The mandatory requirements of those conditions must be obeyed or fulfilled exactly, though at times, some latitude can be shown, if there is a failure to comply with some requirements which are directory in nature, the non-compliance of which would not affect the essence or substance of the notification granting exemption.

30. In Novopan India Ltd. this Court held that a person, invoking an exception or exemption provisions, to relieve him of tax liability must establish clearly that he is covered by the said provisions and, in case of doubt or ambiguity, the benefit of it must go to the State. A Constitution Bench of this Court in Hansraj Gordhandas v. CCE and Customs held that (Novopan India Ltd. case4, SCC p. 614, para 16)

"16. ... such a notification has to be interpreted in the light of the words employed by it and not on any other basis. This was so held in the context of the principle that in a taxing statute, there is no room for any intendment, that regard must be had to the clear meaning of the words and that the matter should be governed wholly by the language of the notification i.e. by the plain terms of the exemption."

12. Section 24-AA of the Surtax Act vests power in Central Government, inter alia, to grant exemption to foreign companies with whom agreements have been executed by the Central Government for association or participation in the prospecting or extraction or production of mineral oils and also to foreign companies who are providing support services or facilities or making available plant and machinery in connection with the business of prospecting or extraction or production of mineral oils in which the Central Government or an authorized person is associated.

In other words, the power to grant exemption is two-fold and covers agreements directly associated with the prospecting or extraction or production of mineral oils or contracts facilitating or making available services in connection with such a business. There is nothing in the provisions of the Act which could have debarred the Central Government from granting exemptions to both categories of foreign companies mentioned above or to confine the grant of exemption to any one or a specified category of foreign companies. Reading the notification No.GSR 307(E) dated 31.3.1983 it clearly appears that the exemption has been granted only to foreign companies with whom the Central Government had executed agreements for direct association or participation by the Central Government or the persons authorized by it (ONGC) in the prospecting or extraction or production of mineral oils.

In other words, the exemption notification confines or restricts the scope of the exemption to only one category of foreign companies which has been specifically enumerated in sub-section 2(a) of Section 24-AA of the Surtax Act. The second category of foreign companies that may be providing services as enumerated in sub-section 2(b) of Section 24-AA is specifically omitted in the exemption notification. The power under Section 24-AA of the Surtax Act, as already noticed, is wide enough to include even this category of foreign companies. The omission of this particular category of foreign companies in the exemption notification, notwithstanding the wide amplitude and availability of the power under Section 24-AA, clearly reflects a conscious decision on the part of the Central Government to confine the scope of the exemption notification to only those foreign companies that are enumerated in and covered by sub-section 2(a) of Section 24-AA of the Surtax Act.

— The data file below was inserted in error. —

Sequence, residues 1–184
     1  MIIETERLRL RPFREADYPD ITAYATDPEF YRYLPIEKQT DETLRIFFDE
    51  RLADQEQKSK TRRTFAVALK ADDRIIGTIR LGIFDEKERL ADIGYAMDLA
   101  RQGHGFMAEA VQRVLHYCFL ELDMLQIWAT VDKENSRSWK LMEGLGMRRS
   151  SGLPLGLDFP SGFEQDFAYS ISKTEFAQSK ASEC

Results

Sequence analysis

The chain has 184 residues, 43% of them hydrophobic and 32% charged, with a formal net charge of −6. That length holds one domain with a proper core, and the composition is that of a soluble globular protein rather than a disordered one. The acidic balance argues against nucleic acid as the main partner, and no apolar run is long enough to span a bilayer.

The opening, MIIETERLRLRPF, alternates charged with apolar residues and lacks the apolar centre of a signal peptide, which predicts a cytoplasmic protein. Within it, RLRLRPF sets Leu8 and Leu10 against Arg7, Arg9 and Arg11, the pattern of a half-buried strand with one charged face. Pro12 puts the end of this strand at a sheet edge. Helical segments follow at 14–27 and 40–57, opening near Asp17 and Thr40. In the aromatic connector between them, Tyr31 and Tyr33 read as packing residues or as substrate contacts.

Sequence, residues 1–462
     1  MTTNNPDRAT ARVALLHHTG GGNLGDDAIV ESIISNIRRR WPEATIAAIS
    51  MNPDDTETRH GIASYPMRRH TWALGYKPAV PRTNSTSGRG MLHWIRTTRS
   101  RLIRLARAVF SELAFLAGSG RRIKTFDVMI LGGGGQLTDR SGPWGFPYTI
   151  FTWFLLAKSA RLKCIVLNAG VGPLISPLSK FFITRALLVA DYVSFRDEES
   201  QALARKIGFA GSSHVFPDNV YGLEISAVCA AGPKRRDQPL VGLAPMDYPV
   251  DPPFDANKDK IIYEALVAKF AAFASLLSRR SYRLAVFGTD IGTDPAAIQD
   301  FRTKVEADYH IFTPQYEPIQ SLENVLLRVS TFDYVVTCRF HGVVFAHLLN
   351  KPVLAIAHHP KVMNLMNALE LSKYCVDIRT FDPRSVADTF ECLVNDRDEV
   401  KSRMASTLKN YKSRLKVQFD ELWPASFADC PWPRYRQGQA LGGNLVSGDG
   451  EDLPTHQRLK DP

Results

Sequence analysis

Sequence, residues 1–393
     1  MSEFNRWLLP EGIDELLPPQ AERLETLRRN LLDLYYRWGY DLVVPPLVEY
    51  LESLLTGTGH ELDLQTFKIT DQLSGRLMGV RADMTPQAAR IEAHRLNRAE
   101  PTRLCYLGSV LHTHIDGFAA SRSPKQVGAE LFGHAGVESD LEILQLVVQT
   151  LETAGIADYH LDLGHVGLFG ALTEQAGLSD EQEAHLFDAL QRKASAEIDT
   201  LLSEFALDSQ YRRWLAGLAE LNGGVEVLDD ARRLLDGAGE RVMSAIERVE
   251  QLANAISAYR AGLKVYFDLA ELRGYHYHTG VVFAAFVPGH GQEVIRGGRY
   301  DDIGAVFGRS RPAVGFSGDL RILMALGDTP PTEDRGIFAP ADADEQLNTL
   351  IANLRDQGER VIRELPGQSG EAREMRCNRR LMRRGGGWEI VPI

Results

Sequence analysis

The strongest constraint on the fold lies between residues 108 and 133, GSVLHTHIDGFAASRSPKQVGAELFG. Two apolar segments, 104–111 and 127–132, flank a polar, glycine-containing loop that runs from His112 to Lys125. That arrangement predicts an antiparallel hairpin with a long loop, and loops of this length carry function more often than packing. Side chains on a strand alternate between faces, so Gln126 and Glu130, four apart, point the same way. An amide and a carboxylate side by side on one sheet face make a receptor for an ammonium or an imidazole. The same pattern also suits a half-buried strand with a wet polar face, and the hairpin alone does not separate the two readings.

13. Section 24-AA of the Surtax Act was brought into the statute book by Act 16 of 1981 i.e. Finance Act, 1981 with effect from 1.4.1981. The explanatory notes on the provisions of Finance Act [Paragraph 11(4) and 26(1)] clearly goes to show that the legislative intent behind inclusion of Section 24-AA is to encourage foreign companies to enter into participating contracts with the Union Government in the business of oil exploration or production. The further legislative intent was to seek greater participation of foreign companies in the matter of providing services including supply of ships, aircrafts, machinery or plant in connection with business of extraction or production of mineral oils.

The aforesaid legislative intent which is two-fold is manifested by the two limbs of sub- section 2 of Section 24AA of the Surtax Act to which the power of exemption was intended to operate i.e. sub-section 2(a) and 2(b) of Section 24AA. If out of the two limbs where the power of exemption was intended to operate, the repository of the power i.e. Central Government, had consciously chosen to grant exemption in one particular field i.e. foreign companies covered by sub-section 2(a) of Section 24-AA, the scope of the grant cannot be enhanced or expanded by a judicial pronouncement which is what the arguments made on behalf of the appellants intend to achieve. Any such interpretation must, therefore, be avoided. Consequently, we see no reason to depart from the basic principles of interpretation, as already noticed, that should govern the present issue. We, accordingly, do not find any merit in any of the appeals under consideration. The same are, therefore, dismissed, however, without any order as to costs. The orders of the High Court, under challenge in the appeals are affirmed.

........................................J. [RANJAN GOGOI]

........................................J. [PINAKI CHANDRA GHOSE]

NEW DELHI;

JULY 01, 2015.

[1] (2014) 6 SCC 444

[2] (2011) 1 SCC 236